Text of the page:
Trial samples were prepared for each condition by first heat sealing all but one end of a 4-mil thick piece of polyethylene film to the surface of the laminate structure having the coextruded sandwich thereon. The opposite surface of the laminate structure having only polyethylene coated thereon was positioned toward the top sealer jaw (heat source) so as not to affect interlayer adhesion. Sample dimensions were approximately 18 inches. Sheets of MYLAR were used between the polyethylene coated surface and sealer jaw to prevent sticking. Sealer conditions were 305 F., 60 psi jaw pressure and 2 seconds dwell time. After allowing these heat sealed trial samples to equilibrate at 50% RH and 72 F. overnight, a slip/peel tester manufactured under the name Instrumentors, Inc. was used to measure adhesion. Peeling was done by placing one end of the laminate structure in the movable jaws of the test instrument and the free end of the 4-mil thick polyethylene film in the fixed jaws of the instrument. The test instrument was then operated in an attempt to peel the polyethylene film from the laminate structure at an angle of 90 degrees with respect to the laminate structure. The test was performed at the slow speed setting and with 50 second averging. Both peak and average peel strengths were recorded.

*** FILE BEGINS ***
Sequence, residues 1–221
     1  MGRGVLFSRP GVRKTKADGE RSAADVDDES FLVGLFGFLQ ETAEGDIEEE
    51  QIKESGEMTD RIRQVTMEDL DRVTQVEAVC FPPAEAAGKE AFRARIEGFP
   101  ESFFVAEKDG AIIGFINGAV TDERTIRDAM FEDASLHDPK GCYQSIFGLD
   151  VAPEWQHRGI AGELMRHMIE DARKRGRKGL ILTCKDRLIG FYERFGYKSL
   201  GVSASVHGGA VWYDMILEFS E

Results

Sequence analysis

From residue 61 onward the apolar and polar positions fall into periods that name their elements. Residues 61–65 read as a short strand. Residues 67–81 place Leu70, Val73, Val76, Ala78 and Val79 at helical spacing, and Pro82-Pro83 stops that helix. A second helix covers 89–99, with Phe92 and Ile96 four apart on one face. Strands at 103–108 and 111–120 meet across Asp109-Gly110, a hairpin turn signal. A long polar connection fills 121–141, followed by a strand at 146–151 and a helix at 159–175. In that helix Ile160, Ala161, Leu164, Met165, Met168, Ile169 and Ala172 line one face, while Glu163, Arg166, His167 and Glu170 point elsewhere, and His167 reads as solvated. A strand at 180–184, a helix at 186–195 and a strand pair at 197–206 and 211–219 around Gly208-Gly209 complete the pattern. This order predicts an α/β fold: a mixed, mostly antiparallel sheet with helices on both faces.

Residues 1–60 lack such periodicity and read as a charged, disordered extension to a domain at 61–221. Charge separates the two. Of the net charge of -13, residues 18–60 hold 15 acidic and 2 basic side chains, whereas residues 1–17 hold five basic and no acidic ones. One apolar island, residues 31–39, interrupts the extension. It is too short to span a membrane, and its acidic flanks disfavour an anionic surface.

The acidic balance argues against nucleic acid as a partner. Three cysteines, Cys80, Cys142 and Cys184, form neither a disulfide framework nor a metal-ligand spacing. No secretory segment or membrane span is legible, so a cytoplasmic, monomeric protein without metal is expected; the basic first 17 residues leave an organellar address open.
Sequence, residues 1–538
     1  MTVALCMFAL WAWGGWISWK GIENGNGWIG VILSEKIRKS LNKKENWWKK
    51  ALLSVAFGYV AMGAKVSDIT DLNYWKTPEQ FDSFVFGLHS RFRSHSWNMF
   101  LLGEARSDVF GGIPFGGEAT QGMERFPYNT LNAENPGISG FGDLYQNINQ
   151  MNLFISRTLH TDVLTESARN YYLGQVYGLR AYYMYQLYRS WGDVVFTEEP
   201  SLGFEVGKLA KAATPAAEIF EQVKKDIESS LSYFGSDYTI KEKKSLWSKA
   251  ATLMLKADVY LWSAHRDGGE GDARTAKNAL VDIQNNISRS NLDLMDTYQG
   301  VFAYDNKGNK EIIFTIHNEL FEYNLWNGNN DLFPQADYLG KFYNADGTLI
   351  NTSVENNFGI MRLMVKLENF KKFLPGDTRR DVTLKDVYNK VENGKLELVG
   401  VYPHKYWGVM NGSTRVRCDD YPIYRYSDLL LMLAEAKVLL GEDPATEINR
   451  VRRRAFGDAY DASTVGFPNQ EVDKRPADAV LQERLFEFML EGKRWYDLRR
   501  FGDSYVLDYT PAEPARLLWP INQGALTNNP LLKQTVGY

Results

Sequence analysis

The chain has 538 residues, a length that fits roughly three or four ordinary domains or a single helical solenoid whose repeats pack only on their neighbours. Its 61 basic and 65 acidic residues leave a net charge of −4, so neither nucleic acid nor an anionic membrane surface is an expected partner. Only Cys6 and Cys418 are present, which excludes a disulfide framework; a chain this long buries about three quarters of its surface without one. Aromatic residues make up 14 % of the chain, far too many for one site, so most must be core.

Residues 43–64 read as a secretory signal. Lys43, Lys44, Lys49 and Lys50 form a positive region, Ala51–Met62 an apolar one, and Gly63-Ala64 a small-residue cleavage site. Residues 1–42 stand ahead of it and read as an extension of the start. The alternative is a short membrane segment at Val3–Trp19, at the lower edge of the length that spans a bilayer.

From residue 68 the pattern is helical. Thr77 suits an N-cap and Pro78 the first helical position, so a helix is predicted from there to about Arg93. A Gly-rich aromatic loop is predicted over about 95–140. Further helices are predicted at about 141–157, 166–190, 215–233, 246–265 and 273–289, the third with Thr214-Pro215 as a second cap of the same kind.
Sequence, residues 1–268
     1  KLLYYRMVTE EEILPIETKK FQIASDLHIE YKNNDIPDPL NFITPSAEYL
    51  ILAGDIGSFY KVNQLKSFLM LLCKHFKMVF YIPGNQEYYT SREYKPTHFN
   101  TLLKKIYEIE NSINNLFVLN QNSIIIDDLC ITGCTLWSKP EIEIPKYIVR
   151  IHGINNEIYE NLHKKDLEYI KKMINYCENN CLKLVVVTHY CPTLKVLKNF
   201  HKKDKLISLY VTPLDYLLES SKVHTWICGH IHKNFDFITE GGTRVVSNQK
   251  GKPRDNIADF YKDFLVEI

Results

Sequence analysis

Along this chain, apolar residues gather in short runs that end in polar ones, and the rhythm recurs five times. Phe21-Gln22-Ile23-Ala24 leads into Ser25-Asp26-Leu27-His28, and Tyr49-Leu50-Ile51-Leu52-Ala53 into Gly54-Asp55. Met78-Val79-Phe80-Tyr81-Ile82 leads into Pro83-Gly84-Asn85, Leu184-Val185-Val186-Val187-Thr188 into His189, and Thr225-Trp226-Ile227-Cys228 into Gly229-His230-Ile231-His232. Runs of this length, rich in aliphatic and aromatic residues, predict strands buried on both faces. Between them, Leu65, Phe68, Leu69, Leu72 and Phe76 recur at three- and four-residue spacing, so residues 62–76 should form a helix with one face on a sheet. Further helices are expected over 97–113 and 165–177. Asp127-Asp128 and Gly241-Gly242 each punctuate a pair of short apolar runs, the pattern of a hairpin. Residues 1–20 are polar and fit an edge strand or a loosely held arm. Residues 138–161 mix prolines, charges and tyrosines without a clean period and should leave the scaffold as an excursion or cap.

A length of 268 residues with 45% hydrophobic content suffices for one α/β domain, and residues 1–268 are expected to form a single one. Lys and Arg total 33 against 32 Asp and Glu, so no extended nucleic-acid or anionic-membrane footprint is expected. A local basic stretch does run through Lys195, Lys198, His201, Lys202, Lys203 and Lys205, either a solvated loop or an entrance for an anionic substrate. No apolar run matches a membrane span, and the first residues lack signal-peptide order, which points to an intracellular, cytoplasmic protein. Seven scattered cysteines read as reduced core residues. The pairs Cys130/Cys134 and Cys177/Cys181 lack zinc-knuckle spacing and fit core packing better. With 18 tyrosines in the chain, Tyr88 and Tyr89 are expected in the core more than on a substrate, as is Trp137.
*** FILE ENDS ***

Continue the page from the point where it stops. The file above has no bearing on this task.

While it is recognized that the slip/peel test does not reproduce actual use conditions, it has been found to be useful in demonstrating differences in interlayer adhesion. The average and peak peel strengths observed and measured for each of the trial conditions are reproduced in Table IV.

              TABLE IV______________________________________Peel Test Resultsroll          peak      averagenumber        (grams)   (grams)______________________________________ 99           905  277                   252  31102           fiber tear                   fiber tear103           fiber tear                   fiber tear104           fiber tear                   fiber tear106           1107  291                   577  43108           977  123                   511  64109           956  185                   489  16110           1125  115                   727  87______________________________________